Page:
Robert Peel Primary School

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About Robert Peel Primary School

Name Robert Peel Primary School
Ofsted Inspections
Headteacher Miss Liesl Ganney
Address Dapifer Drive, Sandy, SG19 1QJ
Phone Number 01767681185
Phase Primary
Type Foundation school
Age Range 3-11
Religious Character Does not apply
Gender Mixed
Number of Pupils 391
Local Authority Central Bedfordshire
Highlights from Latest Inspection


Robert Peel Primary School continues to be a good school.

What is it like to attend this school?

Pupils at Robert Peel say that their school is like a family. They learn well together in an inclusive and nurturing environment.

Pupils enjoy positive relationships with adults who ensure that they are well cared for. Pupils respect their teachers and try their best because teachers have high expectations of them. This was summed up by one pupil, who said, 'Our teachers are amazing.'

Pupils are welcoming and polite. They are attentive in class and behave well. Pupils know how the school's golden rules help them to get along together and to take responsibility for th...eir own actions.

They work hard to achieve their golden tickets by demonstrating good behaviours such as caring attitudes, being helpful or showing respect.

Pupils attend many different clubs. They are particularly proud of their sporting achievements and the success enjoyed when competing against other schools.'

Robert Peel's Promise' provides pupils with a chance to participate in visits and residential trips. This is helping to enrich their curriculum experiences.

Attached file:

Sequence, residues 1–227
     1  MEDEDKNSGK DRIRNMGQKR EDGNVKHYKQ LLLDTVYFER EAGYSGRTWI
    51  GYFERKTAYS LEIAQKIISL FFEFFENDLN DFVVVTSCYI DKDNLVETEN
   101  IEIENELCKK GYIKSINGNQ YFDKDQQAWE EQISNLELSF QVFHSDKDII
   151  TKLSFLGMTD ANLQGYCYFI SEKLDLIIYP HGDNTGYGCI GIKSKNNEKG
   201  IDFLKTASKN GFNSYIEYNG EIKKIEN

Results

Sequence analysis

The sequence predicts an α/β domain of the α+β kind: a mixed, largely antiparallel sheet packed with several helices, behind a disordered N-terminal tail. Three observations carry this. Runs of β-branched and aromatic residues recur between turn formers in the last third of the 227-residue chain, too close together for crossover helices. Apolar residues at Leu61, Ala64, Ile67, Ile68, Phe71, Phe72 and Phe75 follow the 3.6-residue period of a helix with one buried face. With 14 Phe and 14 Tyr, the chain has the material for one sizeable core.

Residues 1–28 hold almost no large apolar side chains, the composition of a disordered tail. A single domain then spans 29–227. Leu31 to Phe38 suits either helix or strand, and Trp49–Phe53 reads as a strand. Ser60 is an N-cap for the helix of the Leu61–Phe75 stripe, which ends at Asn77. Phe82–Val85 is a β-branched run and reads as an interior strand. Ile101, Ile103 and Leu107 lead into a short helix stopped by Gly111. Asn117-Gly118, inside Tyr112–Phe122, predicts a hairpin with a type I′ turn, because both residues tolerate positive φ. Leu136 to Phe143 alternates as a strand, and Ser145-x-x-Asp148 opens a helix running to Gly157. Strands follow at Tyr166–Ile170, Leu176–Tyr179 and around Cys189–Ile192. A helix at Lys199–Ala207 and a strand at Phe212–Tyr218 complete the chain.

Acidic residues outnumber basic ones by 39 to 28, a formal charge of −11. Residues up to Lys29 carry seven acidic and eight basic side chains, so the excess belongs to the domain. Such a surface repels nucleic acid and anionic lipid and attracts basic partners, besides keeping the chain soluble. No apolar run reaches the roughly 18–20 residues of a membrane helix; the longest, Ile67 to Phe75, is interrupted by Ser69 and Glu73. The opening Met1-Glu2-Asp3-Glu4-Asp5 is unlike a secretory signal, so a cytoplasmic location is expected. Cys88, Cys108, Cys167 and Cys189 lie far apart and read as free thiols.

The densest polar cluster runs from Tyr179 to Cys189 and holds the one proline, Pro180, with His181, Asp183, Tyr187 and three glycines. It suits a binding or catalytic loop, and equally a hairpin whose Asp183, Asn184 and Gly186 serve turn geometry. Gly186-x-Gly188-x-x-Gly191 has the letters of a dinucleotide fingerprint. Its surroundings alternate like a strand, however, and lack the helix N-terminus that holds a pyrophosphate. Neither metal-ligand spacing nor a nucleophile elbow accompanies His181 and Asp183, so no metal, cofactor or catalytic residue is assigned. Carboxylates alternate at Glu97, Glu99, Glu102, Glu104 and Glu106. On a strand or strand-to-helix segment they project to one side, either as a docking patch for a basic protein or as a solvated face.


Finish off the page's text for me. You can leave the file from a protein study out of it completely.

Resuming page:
Pupils told me that they would always talk to adults if they were concerned about anything.

Pupils consider that bullying is rare, but when it happens any problems are handled well by staff. Consequently, pupils feel safe at school.

What does the school do well and what does it need to do better?

There have been significant changes in staffing over recent months.

Senior leaders have managed this well. They have built a strong team ethic. This is helping to drive leaders' vision for pupils at Robert Peel Primary School.

Leaders and teachers are ambitious for all pupils. They want them to achieve and be well equipped for life beyond school. Together, staff have carefully considered how pupils learn and are committed to making learning as effective as it can be for all pupils.

Leaders and teachers have thought carefully about what pupils should know and learn. Curriculum plans identify when pupils should learn the key knowledge they need to move on to the next bit of their learning. Teachers use this information to plan lessons over time that helps pupils to piece their learning together.